Staff Sergeant Clarence Simon Utne
- Unit: 90th Bomb Group, 320th Bomber Squadron (Heavy)
- Service Number: 39092185
- Date of Birth: October 29, 1916
- Entered the Military: March 10, 1942
- Date of Death: January 8, 1943
- Hometown: Waubay, South Dakota
- Place of Death: Papua, New Guinea
- Award(s): Distinguished Flying Cross, Purple Heart
Mentored by Mrs. Brett Brennan
Waverly South Shore School
Clarence Simon Utne was born in Waubay, South Dakota, on October 29, 1916. He was raised on a farm by his parents, Sivert and Josephine (Klugness) with his five brothers (Henry, Albert, Selmer, Perry, and Harvey) and six sisters (Alma, Tilda, Jennie, Thelma I, Thelma G, and Bernie). His father was an immigrant from Norway.
Utne was confirmed at Zion Lutheran Church, in Ortley, South Dakota, on July 26, 1931. His mother died in 1935.
Utne graduated from Waubay High School. Preferring to go straight into the workforce, Utne moved to Roseburg, Oregon to work with his two brothers. His brothers owned Utne Brothers Garage where they would repair and then sell vehicles.
Even before the United States entered World War ll, Waubay’s agricultural industries stepped up production. The processing plant in the community increased its average daily kill to 1,200 to 1,500 head per day. The United States military utilized the animal by-products, meat scraps, and animal grease for machinery.
Farming was a profitable and common practice for many in his community. With the start of the war, expectations for higher farm production rose. However with so many men enlisting there was a labor shortage. As a result, farmers struggled to meet the expectation.
After he was drafted on March 10, 1942, Utne trained first at Sheppard Field, Texas and later the Hawaiian Islands. All five of Utne’s brothers also served in the war. Staff Sergeant Clarence Utne joined the 90th Bomb Group, 320th Bomber Squadron (Heavy).
On September 14, 1942, Staff Sergeant Utne left for his next assignment at New Guinea. On January 8, 1943, Utne volunteered for a difficult and dangerous combat mission against the Japanese Navy. The main goal of the attack was to stop the Japanese reinforcements from landing. According to Clarence’s great nephew, Bill Utne, Sergeant Utne volunteered for the mission because one of his friends in the division became sick, and he wanted to replace his friend.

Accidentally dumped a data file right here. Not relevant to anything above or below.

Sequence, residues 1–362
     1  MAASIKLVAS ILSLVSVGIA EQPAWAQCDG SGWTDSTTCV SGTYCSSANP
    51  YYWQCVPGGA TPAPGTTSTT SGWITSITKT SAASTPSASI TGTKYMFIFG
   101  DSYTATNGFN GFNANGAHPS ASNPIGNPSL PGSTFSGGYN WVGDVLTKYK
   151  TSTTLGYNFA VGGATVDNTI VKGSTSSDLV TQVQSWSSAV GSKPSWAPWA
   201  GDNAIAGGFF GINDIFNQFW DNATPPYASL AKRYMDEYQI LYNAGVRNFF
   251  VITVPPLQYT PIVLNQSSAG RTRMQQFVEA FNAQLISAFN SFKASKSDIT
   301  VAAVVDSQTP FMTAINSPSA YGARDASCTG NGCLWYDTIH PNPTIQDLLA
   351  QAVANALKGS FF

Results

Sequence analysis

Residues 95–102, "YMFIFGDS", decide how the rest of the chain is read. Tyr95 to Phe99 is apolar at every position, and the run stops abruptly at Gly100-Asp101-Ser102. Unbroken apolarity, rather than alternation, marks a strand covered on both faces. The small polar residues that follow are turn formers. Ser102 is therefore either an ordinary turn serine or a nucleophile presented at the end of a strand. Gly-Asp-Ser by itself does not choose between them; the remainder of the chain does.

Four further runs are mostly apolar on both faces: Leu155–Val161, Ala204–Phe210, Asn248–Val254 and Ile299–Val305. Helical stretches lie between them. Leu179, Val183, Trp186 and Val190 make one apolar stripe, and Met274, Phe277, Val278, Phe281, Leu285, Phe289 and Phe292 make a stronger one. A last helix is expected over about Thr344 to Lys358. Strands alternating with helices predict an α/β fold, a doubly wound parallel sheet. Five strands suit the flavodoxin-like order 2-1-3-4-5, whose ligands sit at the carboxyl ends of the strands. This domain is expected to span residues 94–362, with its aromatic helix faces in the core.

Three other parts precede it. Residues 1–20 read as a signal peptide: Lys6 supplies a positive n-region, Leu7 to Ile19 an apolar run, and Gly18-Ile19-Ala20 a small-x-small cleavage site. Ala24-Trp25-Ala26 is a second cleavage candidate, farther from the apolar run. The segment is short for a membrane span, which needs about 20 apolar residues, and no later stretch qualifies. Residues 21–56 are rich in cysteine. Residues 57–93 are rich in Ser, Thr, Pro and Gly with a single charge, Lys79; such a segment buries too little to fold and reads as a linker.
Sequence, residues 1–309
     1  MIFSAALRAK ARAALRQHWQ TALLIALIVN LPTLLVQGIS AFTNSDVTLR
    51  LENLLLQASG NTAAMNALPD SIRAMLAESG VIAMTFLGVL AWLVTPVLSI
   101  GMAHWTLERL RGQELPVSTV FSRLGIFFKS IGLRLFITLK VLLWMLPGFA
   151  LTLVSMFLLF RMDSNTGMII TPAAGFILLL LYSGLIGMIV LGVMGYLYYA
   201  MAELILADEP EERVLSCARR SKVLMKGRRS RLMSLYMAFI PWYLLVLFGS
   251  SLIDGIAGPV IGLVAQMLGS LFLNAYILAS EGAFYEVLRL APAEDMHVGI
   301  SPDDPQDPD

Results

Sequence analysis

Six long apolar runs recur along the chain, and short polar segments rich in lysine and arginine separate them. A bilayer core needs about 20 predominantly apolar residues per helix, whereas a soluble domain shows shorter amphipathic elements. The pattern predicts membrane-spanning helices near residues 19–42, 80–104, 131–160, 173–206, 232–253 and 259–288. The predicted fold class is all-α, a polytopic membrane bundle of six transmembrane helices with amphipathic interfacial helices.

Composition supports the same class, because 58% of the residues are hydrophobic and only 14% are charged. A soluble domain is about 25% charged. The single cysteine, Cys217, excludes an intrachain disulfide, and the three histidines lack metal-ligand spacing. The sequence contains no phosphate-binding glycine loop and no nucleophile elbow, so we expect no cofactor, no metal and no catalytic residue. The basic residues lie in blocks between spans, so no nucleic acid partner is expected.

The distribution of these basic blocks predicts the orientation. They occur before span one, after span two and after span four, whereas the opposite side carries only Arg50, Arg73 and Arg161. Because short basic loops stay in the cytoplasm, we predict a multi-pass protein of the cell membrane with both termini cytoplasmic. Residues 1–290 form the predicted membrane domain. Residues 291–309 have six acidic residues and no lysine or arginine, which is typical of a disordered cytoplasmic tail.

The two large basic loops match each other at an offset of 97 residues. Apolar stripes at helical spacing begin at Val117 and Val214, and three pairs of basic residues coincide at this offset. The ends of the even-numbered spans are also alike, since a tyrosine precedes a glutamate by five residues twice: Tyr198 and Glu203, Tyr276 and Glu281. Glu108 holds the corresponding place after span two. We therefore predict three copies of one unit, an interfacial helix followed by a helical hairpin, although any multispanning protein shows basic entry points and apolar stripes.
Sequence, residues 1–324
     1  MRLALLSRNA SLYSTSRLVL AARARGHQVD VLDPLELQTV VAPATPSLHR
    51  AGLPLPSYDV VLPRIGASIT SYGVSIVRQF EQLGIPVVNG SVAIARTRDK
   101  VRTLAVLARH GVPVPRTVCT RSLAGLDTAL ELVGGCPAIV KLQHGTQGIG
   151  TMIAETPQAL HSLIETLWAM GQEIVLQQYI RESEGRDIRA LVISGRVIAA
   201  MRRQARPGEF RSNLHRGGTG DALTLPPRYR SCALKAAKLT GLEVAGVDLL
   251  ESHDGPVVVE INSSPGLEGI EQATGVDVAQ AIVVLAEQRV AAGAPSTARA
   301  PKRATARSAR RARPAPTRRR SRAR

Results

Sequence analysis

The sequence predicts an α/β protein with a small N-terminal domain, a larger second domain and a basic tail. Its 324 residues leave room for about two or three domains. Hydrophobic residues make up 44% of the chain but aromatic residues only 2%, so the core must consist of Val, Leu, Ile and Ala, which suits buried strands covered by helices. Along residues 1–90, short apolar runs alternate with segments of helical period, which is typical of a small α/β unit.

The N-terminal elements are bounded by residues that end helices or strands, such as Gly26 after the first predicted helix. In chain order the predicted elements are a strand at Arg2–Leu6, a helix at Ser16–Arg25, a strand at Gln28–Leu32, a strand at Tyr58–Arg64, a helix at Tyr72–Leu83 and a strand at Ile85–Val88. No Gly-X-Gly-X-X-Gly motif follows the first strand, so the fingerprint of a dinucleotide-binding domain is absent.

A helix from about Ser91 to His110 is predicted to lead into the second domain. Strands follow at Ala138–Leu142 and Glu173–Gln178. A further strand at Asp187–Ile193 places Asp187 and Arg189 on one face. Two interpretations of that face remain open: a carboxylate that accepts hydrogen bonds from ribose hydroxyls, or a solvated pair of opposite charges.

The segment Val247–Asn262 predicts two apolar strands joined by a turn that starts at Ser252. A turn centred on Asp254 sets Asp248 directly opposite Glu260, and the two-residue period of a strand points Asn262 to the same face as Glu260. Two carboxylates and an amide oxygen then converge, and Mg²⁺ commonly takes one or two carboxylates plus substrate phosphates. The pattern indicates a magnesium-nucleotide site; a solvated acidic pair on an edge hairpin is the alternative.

During the attack, Utne and the flight crew shot down four Japanese fighter planes. To quote Staff Sergeant Utne’s commanding officer, R.L. Taylor, “After engaging the enemy continuously for almost an hour, he destroyed another enemy fighter.” Then, when Utne was leaving the scene, a shot entered the airplane’s fuselage, struck Staff Sergeant Utne, killing him instantly. His remains were first buried at Sydney, Australia. Utne’s family first found out about his death when Clarence’s letters to his brother, Joe, were returned marked as “killed in action.”
Staff Sergeant Utne was awarded the Purple Heart. Later, on January 11, 1943, general headquarters in the Southwest Pacific announced he also had been posthumously awarded the Distinguished Flying Cross. On July 29, 1945, Utne’s remains were reinterred at the National Memorial Cemetery, Honolulu, Hawaiʻi.
On October 29, 1916, Staff Sergeant Clarence Simon Utne was born in Waubay, South Dakota. He grew up on a small country homestead with his parents, five brothers, and six sisters.
On January 8, 1943, Staff Sergeant Clarence Utne volunteered for a difficult and dangerous combat mission against the Japanese Navy. After a lengthy aerial battle, he died from a gunshot wound. His brother, Corporal Joe Utne, first found out his brother had died when a letter he sent to his brother was returned and marked “killed in action.”
Staff Sergeant Utne was awarded the Purple Heart and the Distinguished Flying Cross. The Distinguished Flying Cross cited his extraordinary achievement of shooting down six enemy fighter planes while participating in an aerial flight over the southwest end of Lae Airfield in Papua New Guinea.
Because of people like Staff Sergeant Clarence Utne, Americans have freedoms we otherwise would not have. Staff Sergeant Utne’s act of service, heroism, and bravery set an example of how other Americans can respond to their call of action. Staff Sergeant Clarence Utne did not just change the war, but he changed the perspective of many young soldiers.
Participating in the Sacrifice for Freedom®: World War II in the Pacific Student and Teacher Institute and researching Staff Sergeant Clarence Utne changed my life. When I found out my teacher, Mrs. Brett Brennan and I, were selected as one of the 16 groups to go to Hawaiʻi for the program, I had no clue how to react. I would be joined in Hawaiʻi with 15 other teams from around the country, have the opportunity to meet them, and hear their Silent Hero’s stories.